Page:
The Hebrew University of Jerusalem, Dept. of Environmental Economics and Management
Harvard Business School
Max H. Bazerman
Harvard Business School – Negotiations, Organizations and Markets Unit
Judgment and Decision Making, 9, 191-198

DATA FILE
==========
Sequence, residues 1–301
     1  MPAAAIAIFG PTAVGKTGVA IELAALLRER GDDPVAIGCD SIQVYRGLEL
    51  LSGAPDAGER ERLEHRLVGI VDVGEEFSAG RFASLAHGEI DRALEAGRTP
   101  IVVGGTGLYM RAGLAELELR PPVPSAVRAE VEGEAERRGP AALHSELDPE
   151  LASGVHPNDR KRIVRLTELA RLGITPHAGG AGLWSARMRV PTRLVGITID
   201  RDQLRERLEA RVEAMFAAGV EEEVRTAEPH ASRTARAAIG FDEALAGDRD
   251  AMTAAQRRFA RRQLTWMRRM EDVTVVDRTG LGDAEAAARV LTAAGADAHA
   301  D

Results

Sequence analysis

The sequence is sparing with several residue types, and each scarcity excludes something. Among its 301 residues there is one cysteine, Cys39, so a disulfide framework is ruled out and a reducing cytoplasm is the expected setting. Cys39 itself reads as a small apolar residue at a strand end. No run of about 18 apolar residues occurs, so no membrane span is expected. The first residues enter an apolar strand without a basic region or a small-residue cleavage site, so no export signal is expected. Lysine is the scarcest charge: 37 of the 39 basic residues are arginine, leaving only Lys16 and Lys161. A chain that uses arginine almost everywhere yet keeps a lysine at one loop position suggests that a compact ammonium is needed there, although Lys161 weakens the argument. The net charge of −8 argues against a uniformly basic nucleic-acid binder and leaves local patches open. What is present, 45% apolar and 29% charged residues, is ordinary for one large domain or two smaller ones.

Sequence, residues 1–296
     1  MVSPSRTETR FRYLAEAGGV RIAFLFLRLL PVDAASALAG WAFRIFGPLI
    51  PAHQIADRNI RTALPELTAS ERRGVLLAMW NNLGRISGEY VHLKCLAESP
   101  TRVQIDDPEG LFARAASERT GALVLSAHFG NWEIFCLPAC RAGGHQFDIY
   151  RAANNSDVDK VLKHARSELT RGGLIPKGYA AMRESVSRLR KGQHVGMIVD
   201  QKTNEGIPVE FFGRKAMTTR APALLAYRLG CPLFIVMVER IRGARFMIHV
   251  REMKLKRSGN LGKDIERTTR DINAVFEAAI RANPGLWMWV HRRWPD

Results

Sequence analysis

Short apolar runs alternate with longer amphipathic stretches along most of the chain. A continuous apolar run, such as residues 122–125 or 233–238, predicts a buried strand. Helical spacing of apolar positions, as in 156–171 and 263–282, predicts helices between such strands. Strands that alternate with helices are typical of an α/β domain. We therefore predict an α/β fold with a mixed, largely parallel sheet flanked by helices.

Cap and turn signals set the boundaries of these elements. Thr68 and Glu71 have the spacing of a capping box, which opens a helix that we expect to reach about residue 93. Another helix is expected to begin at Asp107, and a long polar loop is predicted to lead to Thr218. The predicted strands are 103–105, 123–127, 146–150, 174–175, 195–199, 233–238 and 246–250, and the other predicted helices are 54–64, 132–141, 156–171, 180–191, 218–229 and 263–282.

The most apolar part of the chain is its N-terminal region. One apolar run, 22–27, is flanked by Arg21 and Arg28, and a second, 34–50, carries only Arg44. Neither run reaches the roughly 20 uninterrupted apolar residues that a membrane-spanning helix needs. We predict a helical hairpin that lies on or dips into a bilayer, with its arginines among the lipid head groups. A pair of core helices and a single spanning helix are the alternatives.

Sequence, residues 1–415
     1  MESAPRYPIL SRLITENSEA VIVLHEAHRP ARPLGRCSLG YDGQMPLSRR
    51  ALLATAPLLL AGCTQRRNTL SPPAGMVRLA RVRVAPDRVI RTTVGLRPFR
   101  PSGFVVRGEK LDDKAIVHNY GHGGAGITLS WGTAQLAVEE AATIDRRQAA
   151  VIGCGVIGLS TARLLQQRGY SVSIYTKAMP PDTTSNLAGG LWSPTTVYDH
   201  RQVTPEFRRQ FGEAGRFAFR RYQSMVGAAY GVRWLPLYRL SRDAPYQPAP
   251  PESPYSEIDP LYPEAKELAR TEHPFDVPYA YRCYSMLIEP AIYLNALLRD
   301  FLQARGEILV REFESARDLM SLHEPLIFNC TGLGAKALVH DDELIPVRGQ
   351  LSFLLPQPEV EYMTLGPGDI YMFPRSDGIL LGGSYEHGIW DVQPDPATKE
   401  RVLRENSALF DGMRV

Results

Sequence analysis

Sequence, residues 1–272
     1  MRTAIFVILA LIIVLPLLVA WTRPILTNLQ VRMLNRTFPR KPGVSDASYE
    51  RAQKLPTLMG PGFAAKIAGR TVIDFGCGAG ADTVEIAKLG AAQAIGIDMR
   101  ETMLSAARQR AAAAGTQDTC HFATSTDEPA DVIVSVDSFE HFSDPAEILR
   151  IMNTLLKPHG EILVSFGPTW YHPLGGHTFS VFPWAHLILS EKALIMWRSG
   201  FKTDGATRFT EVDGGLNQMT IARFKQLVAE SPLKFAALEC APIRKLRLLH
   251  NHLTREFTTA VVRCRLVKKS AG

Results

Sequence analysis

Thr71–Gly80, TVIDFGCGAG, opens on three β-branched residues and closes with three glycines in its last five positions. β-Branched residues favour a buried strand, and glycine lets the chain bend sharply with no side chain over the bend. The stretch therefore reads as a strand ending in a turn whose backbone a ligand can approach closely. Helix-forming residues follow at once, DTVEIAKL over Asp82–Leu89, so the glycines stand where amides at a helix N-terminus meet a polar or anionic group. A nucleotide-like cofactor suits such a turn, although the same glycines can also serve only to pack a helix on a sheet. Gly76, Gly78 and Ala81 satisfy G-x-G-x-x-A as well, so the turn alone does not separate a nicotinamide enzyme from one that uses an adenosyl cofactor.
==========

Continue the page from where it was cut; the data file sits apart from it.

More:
This paper investigates whether certain contexts can lead buyers to be too skeptical and miss beneficial opportunities. We focus on a seller-buyer interaction in which the buyer has limited knowledge about the seller’s offer. The offer is abstracted as two cards, drawn randomly from a deck of 100 cards that are marked consecutively from 1-100. The buyer is presented with the lower card (and knows that she sees the lower card) and must decide whether to buy the cards at a price of 100. The product’s value is abstracted by the cards’ sum, so normative buyers should buy whenever the presented (lower) card exceeds 33. Two studies compare potential context effects on the decision to buy when the lower card equals 40. Study 1 shows that most buyers accept offers from computer sellers, but acceptance rate drops significantly when offers are made by human sellers who communicate with buyers. Study 2 clarifies this effect by showing that restricting human sellers from communicating with buyers increases buying rate, to the extent that human become as successful as computers in selling their product. Together, the results suggest that the mere context of persuasion increases buyers’ attention to sellers’ motives, and consequently increases buyers’ skepticism. Interestingly, sellers do not appreciate this effect: they prefer to have the opportunity to persuade buyers and believe that it would increase their likelihood to sell, although such attempts might actually have detrimental effect on their sales.